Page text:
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Ticehurst – Description

From Kelly’s Post Office Directory of Essex, Herts, Middlesex, Kent, Surrey and Sussex, 1867

TICEHURST is a parish, giving name to a union, 8 miles south-west from Cranbrook, on the road from Tunbridge Wells to Battle and Rye, in the Eastern division of the county, Shoyswell hundred, Ticehurst union, county court district of Tunbridge Wells, Hastings rape, diocese of Chichester, and archdeaconry of Lewes. The church of St. Mary is a neat ancient structure, with square tower containing 6 bells and clock, with a low shingled spire: it has nave, aisles, chancel, and chantries; the two former are divided by four arches on each side, and the latter by two arches on each side: in the chancel and chantries are three piscinae: the communion table is covered with crimson velvet, with the monogram I.H.S., presented by the ladies of Ticehurst: there is a curious old font, with carved oak top: the church was restored in 1857, and affords accommodation for 725 persons: £160 was granted for the purpose by the Society for Building Churches, by which means 421 seats were made free: in June, 1855, whilst removing the old floor under the communion-table, a brass was discovered, consisting of three figures in good preservation, to the memory of John Wybarne, and dated 1490. The register commences in 1559. The living is a vicarage, value £700 per annum with 15 acres of glebe land, in the gift of the Dean and Chapter of Canterbury, and held by the Rev. Arthur Eden, M.A. of Queen’s College, Oxford. The vicarage house adjoining the church is brick built, erected in 1852 by the Rev. Arthur Eden, M.A., the present vicar. The National schools, erected in 1846, are a handsome pile of buildings, built and supported partly by subscriptions and Government grant: about a hundred of each sex are instructed. The Union Workhouse is a fine building, a mile and a half south-east of the village: it was erected in 1837, and will hold about 200 inmates: adjoining is an infirmary. The following eight parishes compose the union, viz., Bodiham, Burwash, Etchingham, Frant, Lamberhurst, Salehurst, Ticehurst, and Wadhurst. The area of the union is 51,576 acres, and the population 1861 was 14,635. The Mechanics’ Institute was established in 1853; there are 65 members: it has a good library of standard works, and is well supplied with London and provincial newspapers and periodicals; the Rev. Arthur Eden, M.A., is president. The Agricultural Society has been many years established, and is well supported by the neighbouring nobility, gentry and clergy. The village of Ticehurst is remarkably clean, has some neat villa residences and two good inns. The station is 3½ miles south-west from the village, and the Wadhurst and Etchingham stations are of easy access. The annual fairs are on May 4th and October 7th; the former for cattle, and the latter a pleasure fair. Here are places of worship for Wesleyans and Calvinists. George Campion Courthope, Esq., and the Earl of Chichester are lords of the manor; the former and Nathan Wetherell, Esq., are principal landowners. The charities are £44 per annum. There are some very handsome residences in this parish. Whilligh, the seat of George Campion Courthope, Esq., J.P., 3 miles from the village, is a large brick-built structure, surrounded by fine trees, in the centre of an extensive park, the estate and manorial rights descending in succession from John Courthope, Esq., who inherited the same in 1512: attached to this manor is a chantry in the Parish church. Vineyard has been the family residence of the Newingtons for upwards of three centuries: the old residence yielded to time in 1852 and the present structure was erected on its site by the then proprietor, Charles Hayes Newington, M.D., now deceased; the style is Elizabethan and Tudor: it is encircled by trees and labyrinths of ever-greens, laid out with neat walks and slopes: it is now used for convalescent nervous ladies. Ridgeway, the residence of Samuel Newington, Esq., M.D. is modern, built on an eminence, near to the high road from Wadhurst to Ticehurst, commanding extensive views; and on its summit is an observatory, from which may be seen Hastings to the south, Rye to the east, Maidstone to the north, and Lewes to the west. Here are spacious horticultural houses, renowned for producing the finest hothouse plants. Highlands, the property of Dr. Newington, is a splendid range of buildings, conspicuously and delightfully situated on an eminence, on the high road leading from Tunbridge Wells to Hastings, 4 miles west from Wadhurst railway station and half a mile from the village of Ticehurst: for nearly a century this pleasant abode has been a private asylum of the first class for the nervous and insane: the grounds are spacious, occupying 200 acres of land, intersected with walks, carriage drives, plantations and pleasure grounds; in the park are cricket, croquet and archery grounds and a bowling-green; in the vicinity of the latter is the Chinese Gallery; there are billiard rooms and various other places of amusement, and a museum: here the mind may be amused by the fountains, varieties of birds, medallion carvings and curiosities; a large conservatory opens here, presenting a gay appearance of fruit and flowers, and is always open to inmates and their friends: in the main building is a handsome chapel. The establishment consists of five houses, viz. The Highlands, The Asylum, The Vineyard, Ridgeway, and Prospect House. Pashley House, built in the reign of James I., in the occupation of Nathan Wetherell, Esq., is worthy of a visit; the interior for its antique oak carvings, wainscot and pannelling, and the green-house for varieties of flowers and foreign plants: the manor and estate formerly belonged to the family of Pashley: it subsequently became the property of the May family, until the marriage of Caroline, only surviving daughter of Thomas May, Esq. with the Rev. Richard Wetherell, from whom the manor and estate descended to the present proprietor, Nathan Wetherell, Esq. Pickford, the neat residence of Edward Curry, Esq., is situated in a valley, a quarter of a mile from the village: it was erected about 1826, and has well laid out grounds. The parish comprises 8,202 acres; the population in 1851 was 2,850, and in 1861 it was 2,768.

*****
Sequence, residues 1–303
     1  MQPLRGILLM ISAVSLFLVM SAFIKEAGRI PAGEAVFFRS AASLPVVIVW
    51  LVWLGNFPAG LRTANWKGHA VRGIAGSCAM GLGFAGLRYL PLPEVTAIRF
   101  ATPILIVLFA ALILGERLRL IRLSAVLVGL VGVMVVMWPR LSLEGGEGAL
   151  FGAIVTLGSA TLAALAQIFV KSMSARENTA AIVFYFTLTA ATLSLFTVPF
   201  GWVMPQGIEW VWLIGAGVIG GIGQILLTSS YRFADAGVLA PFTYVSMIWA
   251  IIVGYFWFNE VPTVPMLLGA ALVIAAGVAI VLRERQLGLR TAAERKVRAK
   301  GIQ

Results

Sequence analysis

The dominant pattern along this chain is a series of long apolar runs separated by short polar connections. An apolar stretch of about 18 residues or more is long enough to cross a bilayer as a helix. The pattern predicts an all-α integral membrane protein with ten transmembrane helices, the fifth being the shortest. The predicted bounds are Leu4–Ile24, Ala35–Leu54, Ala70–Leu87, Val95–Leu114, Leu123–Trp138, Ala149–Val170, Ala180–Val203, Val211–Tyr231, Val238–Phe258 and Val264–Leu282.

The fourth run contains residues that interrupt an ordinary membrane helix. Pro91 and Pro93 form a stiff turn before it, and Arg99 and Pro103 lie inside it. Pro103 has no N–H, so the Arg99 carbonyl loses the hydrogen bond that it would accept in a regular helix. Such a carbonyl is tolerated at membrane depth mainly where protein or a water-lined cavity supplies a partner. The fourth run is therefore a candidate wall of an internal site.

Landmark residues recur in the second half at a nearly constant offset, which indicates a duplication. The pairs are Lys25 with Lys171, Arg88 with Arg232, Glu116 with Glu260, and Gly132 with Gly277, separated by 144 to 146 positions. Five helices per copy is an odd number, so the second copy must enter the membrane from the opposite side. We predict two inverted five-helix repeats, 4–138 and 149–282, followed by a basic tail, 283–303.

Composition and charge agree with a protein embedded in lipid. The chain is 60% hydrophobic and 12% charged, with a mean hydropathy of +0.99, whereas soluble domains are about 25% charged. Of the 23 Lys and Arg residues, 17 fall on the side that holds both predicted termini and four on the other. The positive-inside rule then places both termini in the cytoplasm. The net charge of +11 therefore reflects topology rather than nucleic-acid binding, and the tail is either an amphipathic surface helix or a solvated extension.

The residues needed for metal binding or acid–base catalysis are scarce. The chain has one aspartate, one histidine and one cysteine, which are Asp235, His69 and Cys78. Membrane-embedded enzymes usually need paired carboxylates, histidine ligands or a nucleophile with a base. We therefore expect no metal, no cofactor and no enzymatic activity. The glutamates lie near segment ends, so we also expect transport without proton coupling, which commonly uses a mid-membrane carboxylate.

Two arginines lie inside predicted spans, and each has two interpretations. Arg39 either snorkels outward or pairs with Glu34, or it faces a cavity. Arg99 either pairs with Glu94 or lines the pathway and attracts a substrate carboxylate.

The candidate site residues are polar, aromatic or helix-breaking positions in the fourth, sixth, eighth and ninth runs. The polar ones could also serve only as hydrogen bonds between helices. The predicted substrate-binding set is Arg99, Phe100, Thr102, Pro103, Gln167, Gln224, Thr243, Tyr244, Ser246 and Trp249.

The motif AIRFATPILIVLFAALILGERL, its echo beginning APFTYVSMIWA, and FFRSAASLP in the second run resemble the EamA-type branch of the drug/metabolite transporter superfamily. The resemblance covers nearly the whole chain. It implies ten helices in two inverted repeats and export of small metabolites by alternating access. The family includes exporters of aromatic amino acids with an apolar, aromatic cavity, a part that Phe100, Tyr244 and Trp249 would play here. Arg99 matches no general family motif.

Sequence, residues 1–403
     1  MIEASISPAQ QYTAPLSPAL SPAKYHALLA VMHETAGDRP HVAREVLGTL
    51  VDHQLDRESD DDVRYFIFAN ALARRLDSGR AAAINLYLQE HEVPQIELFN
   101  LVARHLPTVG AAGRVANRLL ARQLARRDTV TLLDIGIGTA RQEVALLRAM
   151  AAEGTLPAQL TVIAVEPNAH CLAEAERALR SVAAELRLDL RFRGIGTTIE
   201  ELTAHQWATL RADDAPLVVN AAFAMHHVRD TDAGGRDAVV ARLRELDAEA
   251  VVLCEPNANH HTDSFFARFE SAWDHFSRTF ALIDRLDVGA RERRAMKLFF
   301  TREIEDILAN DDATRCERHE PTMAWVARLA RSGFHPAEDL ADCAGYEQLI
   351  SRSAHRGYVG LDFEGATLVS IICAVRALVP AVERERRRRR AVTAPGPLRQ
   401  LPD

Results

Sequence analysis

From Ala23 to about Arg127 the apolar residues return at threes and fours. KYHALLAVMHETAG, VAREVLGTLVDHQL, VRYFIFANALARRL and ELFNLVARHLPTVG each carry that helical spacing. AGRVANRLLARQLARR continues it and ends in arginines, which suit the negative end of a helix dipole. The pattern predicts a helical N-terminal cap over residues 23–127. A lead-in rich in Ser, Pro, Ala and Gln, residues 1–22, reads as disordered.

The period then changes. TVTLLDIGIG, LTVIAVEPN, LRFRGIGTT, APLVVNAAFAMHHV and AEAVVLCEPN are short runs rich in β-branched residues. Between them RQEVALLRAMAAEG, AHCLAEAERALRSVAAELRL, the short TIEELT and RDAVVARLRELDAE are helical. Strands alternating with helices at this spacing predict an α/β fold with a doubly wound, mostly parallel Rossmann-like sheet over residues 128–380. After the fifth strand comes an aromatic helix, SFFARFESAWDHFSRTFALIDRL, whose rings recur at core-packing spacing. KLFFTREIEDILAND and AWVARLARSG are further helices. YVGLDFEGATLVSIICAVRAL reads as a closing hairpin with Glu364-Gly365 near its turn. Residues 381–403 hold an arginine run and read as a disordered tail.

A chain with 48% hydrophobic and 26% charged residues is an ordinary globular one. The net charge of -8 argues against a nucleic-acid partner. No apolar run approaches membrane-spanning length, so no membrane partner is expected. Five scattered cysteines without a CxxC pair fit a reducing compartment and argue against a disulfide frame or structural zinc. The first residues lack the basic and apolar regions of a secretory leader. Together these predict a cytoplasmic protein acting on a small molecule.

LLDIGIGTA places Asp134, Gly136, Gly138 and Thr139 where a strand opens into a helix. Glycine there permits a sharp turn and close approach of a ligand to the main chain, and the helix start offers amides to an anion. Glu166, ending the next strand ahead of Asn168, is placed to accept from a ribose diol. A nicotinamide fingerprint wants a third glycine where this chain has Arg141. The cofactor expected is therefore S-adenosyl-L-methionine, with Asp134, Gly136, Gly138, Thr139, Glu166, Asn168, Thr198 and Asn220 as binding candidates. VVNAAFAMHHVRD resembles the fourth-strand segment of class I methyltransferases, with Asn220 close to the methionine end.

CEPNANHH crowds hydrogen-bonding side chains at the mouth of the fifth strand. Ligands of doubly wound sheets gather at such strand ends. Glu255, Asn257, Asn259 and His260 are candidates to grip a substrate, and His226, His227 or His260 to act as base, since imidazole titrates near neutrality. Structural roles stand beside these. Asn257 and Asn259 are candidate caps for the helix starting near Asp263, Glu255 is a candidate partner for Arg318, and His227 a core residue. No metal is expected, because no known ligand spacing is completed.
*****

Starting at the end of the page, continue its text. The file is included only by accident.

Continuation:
STONEGATE, 2½ miles south-west, is a chapelry of Ticehurst. The living is a perpetual curacy, with residence, in the gift of G. C. Courthope, Esq., and held by the Rev. J. Dawson, B.A., of Pembroke College, Cambridge. The population in 1861 was 525.
FLIMWELL, 2½ miles east, is a chapelry of Ticehurst. The living is a perpetual curacy, annual value £100, with residence, in the gift of the Bishop of Chichester, and held by the Rev. F. Howlett, M.A., of Worcester College, Oxford. The population in 1861 was 894.

Parish Clerk., William Kemp